Mostly Trapping

Trappers helped oil men navigate swamps
Feb 8, 2019 13:18 ET

(Reprinted from above link)


When oil companies began to realize that muskrats weren’t the only profitable thing hiding in south Louisiana marshes, they also began to realize that exploration and drilling in the wetlands would be unlike anything they’d done before.
Chronicler Raymond Lankford noted in a history of the oil industry, “There were no roads in the marshes, no bridges over the bayous, no bases from which to move into the bays. The whole expanse from Calcasieu Lake to Breton Sound was a sort of nature’s no-man’s land, neither land nor sea.” ("History of Oil Well Drilling," Gulf Publishing, Houston, 1971.)
When serious exploration began in the wetlands in the middle 1920s, seismic crews had to use pretty much the same pirogues as the men who hunted for muskrats, and often hired the trappers and their friends as guides.
Companies “had to tap into local knowledge of the confusing and forbidding terrain,” according to a history by the Minerals Management Service of offshore exploration ("History of the Offshore Oil and Gas Industry in Southern Louisiana, Volume I: Papers on the Evolving Offshore Industry," OCS Study MMS 2008-042).
“A crew would typically rent boats and hire laborers and guides in the small Cajun communities where people traditionally made their living variously by fishing, shrimping, crabbing, frog hunting, muskrat trapping, salt mining, or harvesting sugar, rice tobacco, moss, or oysters,” the MMS recorded.
In those early days, a typical exploration crew might include 10 seismologists and technicians and as many as 30 helpers hired from local communities.
They worked 10 days, then took four off, using pirogues to navigate the trainasses (tiny canals) that sometimes wound through marshland, or sometimes just petered out in tall grass. The locals were important because they knew which canal went where.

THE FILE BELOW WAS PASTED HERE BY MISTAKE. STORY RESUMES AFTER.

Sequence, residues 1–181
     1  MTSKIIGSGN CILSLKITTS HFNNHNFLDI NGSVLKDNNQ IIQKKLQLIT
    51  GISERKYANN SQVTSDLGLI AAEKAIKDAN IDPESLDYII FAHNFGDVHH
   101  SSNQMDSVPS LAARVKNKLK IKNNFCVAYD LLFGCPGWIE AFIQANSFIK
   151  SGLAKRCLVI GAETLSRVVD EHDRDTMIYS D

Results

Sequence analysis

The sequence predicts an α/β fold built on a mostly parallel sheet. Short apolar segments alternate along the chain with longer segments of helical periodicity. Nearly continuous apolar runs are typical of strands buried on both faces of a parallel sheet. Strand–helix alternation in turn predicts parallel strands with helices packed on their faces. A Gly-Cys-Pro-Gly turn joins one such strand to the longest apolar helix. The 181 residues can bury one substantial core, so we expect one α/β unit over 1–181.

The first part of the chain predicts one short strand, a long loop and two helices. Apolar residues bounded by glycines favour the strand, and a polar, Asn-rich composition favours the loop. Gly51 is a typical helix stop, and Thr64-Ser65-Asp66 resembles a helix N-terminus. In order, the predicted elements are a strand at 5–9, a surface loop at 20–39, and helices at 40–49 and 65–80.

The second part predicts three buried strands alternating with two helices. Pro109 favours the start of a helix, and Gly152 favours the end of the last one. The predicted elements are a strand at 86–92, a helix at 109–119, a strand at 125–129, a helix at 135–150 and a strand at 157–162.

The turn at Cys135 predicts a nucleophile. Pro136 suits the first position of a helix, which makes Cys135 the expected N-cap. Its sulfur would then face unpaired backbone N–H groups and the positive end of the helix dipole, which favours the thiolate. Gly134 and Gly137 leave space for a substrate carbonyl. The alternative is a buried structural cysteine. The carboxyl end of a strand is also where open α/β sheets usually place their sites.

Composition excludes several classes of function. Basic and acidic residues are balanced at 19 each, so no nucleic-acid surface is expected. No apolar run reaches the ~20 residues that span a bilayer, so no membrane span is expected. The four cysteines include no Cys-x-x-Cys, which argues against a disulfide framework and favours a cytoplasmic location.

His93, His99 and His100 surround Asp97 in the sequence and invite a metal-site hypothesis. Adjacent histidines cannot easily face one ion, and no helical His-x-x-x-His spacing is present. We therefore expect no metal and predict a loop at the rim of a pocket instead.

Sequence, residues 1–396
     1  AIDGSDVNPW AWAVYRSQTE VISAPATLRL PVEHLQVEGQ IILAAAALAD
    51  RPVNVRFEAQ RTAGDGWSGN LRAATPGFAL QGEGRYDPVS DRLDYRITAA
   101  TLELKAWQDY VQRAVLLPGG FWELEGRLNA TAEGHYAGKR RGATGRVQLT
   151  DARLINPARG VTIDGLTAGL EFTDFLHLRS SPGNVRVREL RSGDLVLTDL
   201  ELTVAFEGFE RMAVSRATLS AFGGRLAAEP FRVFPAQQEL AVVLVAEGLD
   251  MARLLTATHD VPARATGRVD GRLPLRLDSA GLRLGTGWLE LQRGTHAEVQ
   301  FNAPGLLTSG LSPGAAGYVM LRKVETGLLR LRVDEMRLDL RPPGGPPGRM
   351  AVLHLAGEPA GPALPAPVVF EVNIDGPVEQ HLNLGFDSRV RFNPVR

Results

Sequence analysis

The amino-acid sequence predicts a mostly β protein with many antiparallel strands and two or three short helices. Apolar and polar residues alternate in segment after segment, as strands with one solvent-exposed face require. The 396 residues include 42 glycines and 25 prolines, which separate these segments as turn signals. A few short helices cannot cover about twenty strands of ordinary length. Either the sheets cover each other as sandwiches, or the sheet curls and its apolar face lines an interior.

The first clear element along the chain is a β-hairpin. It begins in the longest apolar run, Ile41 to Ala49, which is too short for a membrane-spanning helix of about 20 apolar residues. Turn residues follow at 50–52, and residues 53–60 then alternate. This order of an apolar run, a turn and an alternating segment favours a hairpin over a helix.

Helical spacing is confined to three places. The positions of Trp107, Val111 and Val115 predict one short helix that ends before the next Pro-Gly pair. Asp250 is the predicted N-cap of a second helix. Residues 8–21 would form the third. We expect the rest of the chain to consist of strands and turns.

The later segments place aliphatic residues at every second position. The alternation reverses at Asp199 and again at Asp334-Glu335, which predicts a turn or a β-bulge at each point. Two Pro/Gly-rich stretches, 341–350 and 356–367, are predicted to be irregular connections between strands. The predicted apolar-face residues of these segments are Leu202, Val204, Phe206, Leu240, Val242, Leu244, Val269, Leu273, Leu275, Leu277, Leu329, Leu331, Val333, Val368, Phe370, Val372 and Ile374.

Sometimes, though, the crews had to push on past the dead-ends, carrying equipment for some of “the longest miles in the U.S.A.,” according to a feature in Shell’s company publication in March 1939.
The laborers bound their pants legs at their ankles “to protect against snakes and leeches,” then toted heavy loads through “waste deep swamp water ... dodging cypress roots and saw-toothed palmetto leaves.”
Usually their hands were too full to slap at the swarms of mosquitoes that found them easy prey.
“Instruments, explosives, pumps and pipe for drilling, cables, and all other paraphernalia of the seismologist’s art must be carried distances often of miles, and at a rate rarely exceeding one mile per hour,” according to the Shell feature.
That sounds right. When Father William Teurlings wrote a little book about his days as pastor at Cameron, he titled it “One Mile an Hour,” because, he said, that was the rate that his horse could move through the marshland.
The equipment the seismic crews carried was often heavy and awkward, but the “cases and cases of dynamite” the “swamp mules” carried posed the biggest risk.
Typically, workers would screw a piece of heavy casing three to five feet into the marsh mud, fill that with up to 50 pounds of dynamite, and then hunker down in the marsh grass while the detonation sent up “a tall geyser of water, mud, and plant particles.” The explosion would also leave a deep crater in the marsh for the next unsuspecting crew to wade into.
“If you didn’t know about it, and you walked into it, you went right down,” one old-timer recalled in an MMS interview. “And if you had a load on your back, it was pretty doggone hard to get up out of the water.”
The locals were important because of their skill as guides and the strength of their backs, but the oil companies soon found out that they offered something else that was perhaps more important. They spoke Cajun French.
“Obtaining permits to survey from local landowners was much easier from a fellow … French-speaking Cajun than it was from an English-speaking company man from Texas,’ according to the MMS history.
That made things easier, the historians said, at least until the landowner fell into a dynamite hole.
A collection of Jim Bradshaw’s columns, "Cajuns and Other Characters," is now available from Pelican Publishing. You can contact him at or P.O. Box 1121, Washington LA 70589.